Isambarde’s Barnstorming

cover artIf ever an album had a good title, ‘Barnstorming’ is it! This is only the second album from Isambarde and it can only serve to put them up amongst the cream of the acoustic folk bands in the world – there, I’ve said it!

Isambarde are Chris Green, vocals, acoustic guitar, bouzouki and bass; Jude Rees, vocals and oboe; and Emily Saunders, vocals, fiddle and viola. All three are brilliant musicians whose arrangements bring a freshness to English folk song that is long overdue. Chris backs the songs with a bright solid rhythm on his guitar, while Emily and Jude weave in and out with riffs and tunes on the fiddle and oboe to compliment the songs. The enthusiasm and the innovation they bring to the songs are never in question. The result is something that has to be heard. It is hard to believe that the band only really got together in 2003-04, for they gel together with an experience normally only found in bands that have been playing for much longer. I’ve seen them live on stage four times now, and each time they have blown me away with their performance and stagecraft. Festival and club organisers take note; you might want to book them while they are still relatively inexpensive. This band is on the way up!

So what makes the album so good? In a nutshell: simplicity, plus a good ear for a song. The result is an ideal choice of material. If you think about it, when you visit a folk club or festival, which are the songs that lodge themselves in your consciousness? Likely you find yourself humming or whistling the tune on the way home. It has been said that all the revivalist singers in the ’50s and ’60s had a field day rooting out the very best of the traditional songs for their repertoire, and left the rest! Traditional bands these days go to extraordinary lengths to find material that hasn’t been done. But what’s wrong with the old songs the revivalists unearthed? Nothing at all.

So it is young bands like Isambarde, who were born in the ’70s and ’80s, are left to pick up the thread. Simple you might think, but it’s the refreshing treatment Isambarde gives to the songs that makes them extremely ‘listenable’ all over again.

Traditional songs like ‘The Bold Fusilier’, ‘High Germany’, ‘I Wish’, ‘The Wounded Hussar (tune)’, A Miners Lifeguard’, ‘Hard Times of Old England’, command your attention and are sensitively complemented by more contemporary standards such as ‘Farewell to the Gold’, ‘Lilly of Barbary’, ‘Farewell Farewell’, and ‘Old Bones’. It’s the arrangements that make these Isambarde’s own.

Although the album runs for over 43 minutes, it’s a pity there are only 10 tracks on offer, for Barnstorming truly leaves you wanting to hear more. If ever there are two bands deserving of world wide recognition, one is Isambarde; the other is Show of Hands. So it is no surprise that Phil Beer of S.O.H. appears on the album as a guest musician playing fiddle and quarto on two tracks, as do the brilliant Vicki Swan and Jonny Dyer on bass and piano accordion on three of the tracks.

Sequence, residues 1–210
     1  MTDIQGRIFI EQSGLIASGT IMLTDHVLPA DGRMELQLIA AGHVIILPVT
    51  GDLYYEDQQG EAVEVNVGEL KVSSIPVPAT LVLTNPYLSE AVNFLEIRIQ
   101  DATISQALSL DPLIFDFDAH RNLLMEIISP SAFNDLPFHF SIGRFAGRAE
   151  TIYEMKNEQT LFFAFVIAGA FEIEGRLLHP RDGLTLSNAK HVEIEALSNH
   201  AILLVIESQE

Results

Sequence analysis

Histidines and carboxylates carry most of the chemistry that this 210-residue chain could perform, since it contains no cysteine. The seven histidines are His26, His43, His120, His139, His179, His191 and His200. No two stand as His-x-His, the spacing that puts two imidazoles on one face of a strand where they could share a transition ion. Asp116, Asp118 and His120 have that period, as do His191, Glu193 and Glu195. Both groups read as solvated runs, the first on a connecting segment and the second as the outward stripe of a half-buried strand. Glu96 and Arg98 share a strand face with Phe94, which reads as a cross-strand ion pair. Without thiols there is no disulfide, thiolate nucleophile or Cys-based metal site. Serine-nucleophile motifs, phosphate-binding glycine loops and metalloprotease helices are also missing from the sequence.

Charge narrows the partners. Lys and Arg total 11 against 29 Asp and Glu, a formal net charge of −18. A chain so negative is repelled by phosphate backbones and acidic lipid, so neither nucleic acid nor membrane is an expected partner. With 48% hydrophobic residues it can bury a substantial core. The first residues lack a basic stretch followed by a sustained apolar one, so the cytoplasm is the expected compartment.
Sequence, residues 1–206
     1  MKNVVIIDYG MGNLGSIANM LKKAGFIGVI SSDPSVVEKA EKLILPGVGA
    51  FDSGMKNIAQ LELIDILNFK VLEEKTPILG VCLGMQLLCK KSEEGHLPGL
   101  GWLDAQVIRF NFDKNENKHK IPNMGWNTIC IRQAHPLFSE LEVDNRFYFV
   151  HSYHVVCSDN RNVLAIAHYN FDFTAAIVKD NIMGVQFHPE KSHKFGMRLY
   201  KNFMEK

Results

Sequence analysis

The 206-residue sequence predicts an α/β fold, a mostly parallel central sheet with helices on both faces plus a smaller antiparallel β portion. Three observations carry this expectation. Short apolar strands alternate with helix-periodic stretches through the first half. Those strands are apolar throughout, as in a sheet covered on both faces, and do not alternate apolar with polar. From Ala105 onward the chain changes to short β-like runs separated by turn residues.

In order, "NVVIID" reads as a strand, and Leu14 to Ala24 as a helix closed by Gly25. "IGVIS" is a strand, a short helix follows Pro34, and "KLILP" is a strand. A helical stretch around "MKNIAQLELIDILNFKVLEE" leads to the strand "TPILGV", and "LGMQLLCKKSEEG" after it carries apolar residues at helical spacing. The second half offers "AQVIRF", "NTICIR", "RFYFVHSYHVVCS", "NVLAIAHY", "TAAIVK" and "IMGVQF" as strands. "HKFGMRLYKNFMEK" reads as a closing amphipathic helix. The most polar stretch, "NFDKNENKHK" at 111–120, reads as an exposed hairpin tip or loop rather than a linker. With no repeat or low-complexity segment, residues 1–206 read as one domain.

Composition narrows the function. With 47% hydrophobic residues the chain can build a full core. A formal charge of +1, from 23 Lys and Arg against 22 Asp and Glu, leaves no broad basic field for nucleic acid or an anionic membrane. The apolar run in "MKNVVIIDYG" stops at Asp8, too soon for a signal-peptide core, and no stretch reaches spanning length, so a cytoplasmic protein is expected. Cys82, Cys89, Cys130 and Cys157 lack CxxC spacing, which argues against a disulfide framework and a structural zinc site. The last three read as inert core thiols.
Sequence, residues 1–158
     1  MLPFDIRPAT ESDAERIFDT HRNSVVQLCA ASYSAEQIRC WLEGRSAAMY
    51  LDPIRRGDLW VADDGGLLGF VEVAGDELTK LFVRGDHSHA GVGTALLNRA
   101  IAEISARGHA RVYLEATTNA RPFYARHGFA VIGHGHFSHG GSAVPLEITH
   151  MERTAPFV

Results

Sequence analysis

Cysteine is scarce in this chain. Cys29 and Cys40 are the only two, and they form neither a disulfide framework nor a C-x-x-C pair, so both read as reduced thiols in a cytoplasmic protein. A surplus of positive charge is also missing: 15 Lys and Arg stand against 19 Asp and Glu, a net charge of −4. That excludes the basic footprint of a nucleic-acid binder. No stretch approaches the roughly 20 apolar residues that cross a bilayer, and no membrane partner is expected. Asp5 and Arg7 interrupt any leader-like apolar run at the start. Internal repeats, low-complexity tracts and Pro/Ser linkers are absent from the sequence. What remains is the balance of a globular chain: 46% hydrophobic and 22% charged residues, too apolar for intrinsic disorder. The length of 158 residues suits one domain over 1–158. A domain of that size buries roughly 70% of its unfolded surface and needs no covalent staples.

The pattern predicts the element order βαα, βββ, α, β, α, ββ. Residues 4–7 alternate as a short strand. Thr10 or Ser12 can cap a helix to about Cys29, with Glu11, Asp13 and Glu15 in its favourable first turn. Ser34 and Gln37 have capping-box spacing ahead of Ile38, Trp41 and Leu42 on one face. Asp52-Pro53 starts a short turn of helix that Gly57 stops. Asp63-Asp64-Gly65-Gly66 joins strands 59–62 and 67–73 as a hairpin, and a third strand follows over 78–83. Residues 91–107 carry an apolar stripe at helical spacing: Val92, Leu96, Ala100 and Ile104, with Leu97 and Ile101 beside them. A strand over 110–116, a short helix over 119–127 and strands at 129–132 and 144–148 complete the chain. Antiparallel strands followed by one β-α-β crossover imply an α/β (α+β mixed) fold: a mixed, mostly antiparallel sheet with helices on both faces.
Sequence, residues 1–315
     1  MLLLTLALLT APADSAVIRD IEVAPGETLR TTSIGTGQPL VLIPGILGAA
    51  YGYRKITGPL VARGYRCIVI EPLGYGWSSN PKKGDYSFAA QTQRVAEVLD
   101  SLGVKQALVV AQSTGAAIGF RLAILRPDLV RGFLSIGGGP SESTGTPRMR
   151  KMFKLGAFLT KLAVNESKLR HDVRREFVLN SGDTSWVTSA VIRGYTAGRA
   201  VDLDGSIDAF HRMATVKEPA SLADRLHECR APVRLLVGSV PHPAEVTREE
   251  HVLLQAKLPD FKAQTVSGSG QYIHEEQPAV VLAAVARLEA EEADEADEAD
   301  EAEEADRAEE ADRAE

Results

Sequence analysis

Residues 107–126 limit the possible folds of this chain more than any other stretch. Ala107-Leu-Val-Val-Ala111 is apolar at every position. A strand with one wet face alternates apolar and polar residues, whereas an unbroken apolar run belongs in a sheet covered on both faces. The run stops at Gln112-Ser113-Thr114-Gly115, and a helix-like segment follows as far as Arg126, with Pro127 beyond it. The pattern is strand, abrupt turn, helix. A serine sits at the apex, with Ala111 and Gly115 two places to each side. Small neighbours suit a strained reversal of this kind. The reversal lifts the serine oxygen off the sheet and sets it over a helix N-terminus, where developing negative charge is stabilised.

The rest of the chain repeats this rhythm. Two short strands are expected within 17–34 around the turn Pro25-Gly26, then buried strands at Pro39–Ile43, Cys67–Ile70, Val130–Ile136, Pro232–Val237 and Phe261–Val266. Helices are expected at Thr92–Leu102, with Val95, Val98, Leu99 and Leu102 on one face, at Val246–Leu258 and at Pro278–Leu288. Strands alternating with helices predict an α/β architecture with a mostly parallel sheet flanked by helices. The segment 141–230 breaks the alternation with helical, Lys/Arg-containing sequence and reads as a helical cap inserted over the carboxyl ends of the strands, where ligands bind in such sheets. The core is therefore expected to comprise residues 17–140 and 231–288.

Should you need your enthusiasm revived, or you just want to hear the very best in English traditional music and song, you seriously need to buy this album, even if you buy nothing else this year!

The next generation of folk bands is here! And with the likes of Isambarde, it’s in good hands, I am pleased to say.

(Whirly Whorl Records, 2006)

Peter Massey

Born in 1945, Peter Massey, Senior Writer, is now living in the city of Chester, England with his wife Sandra. Now medically retired he worked for 35 years in the shoe business. He has been a semi-professional musician and singer performing mainly traditional / contemporary folk songs for over 38 years as part of the duo (and sometimes trio) 'The Marrowbones'. His musical interest started at the age of 14 with Rock 'n' Roll and by the time his seventeenth birthday came along he was already playing rock 'n' roll and R&B in and around the local dance venues and clubs such as the Cavern in Liverpool. Thankfully he was saved from the evils of rock 'n' roll when he discovered real music and folk clubs. His collection of recordings houses over 3500 folk songs alone. Other interests and hobbies include Computers and Amateur Radio (he has a class A G4 call sign) His latest project is 'The Little Room Studio' dedicated to making 'live' recordings of folk artists and producing their work on to CD using a portable digital recording studio. To date he has written and composed over 12 folk songs and co-wrote with Gordon Morris another 10 that have been recorded on CD. The song writing has continued and they have another 10 songs in the pipeline not yet recorded to CD. Favourite music / bands at the moment are Steeleye Span, The Battlefield Band, Little Johnny England and Fairport Convention, (in that order), and much admires the work of Martin Carthy, Martin Simpson, Roy Bailey, Vin Garbutt, and Bob Fox, to name but a few! You can visit the crummy Web site here and read about The Marrowbones and how to get your free songbook.

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